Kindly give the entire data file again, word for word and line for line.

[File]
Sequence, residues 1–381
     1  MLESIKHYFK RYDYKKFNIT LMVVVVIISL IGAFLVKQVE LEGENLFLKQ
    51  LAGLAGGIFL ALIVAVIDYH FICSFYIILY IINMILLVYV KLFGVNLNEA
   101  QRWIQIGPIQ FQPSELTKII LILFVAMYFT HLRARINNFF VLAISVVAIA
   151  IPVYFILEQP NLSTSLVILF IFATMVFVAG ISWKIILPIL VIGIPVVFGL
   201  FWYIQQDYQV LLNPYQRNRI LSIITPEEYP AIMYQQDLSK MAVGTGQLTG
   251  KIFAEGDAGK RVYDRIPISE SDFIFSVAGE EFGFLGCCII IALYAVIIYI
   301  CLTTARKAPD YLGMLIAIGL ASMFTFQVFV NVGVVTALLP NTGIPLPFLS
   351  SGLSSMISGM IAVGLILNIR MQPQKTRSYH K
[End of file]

Sequence, residues 1–381
     1  MLESIKHYFK RYDYKKFNIT LMVVVVIISL IGAFLVKQVE LEGENLFLKQ
    51  LAGLAGGIFL ALIVAVIDYH FICSFYIILY IINMILLVYV KLFGVNLNEA
   101  QRWIQIGPIQ FQPSELTKII LILFVAMYFT HLRARINNFF VLAISVVAIA
   151  IPVYFILEQP NLSTSLVILF IFATMVFVAG ISWKIILPIL VIGIPVVFGL
   201  FWYIQQDYQV LLNPYQRNRI LSIITPEEYP AIMYQQDLSK MAVGTGQLTG
   251  KIFAEGDAGK RVYDRIPISE SDFIFSVAGE EFGFLGCCII IALYAVIIYI
   301  CLTTARKAPD YLGMLIAIGL ASMFTFQVFV NVGVVTALLP NTGIPLPFLS
   351  SGLSSMISGM IAVGLILNIR MQPQKTRSYH K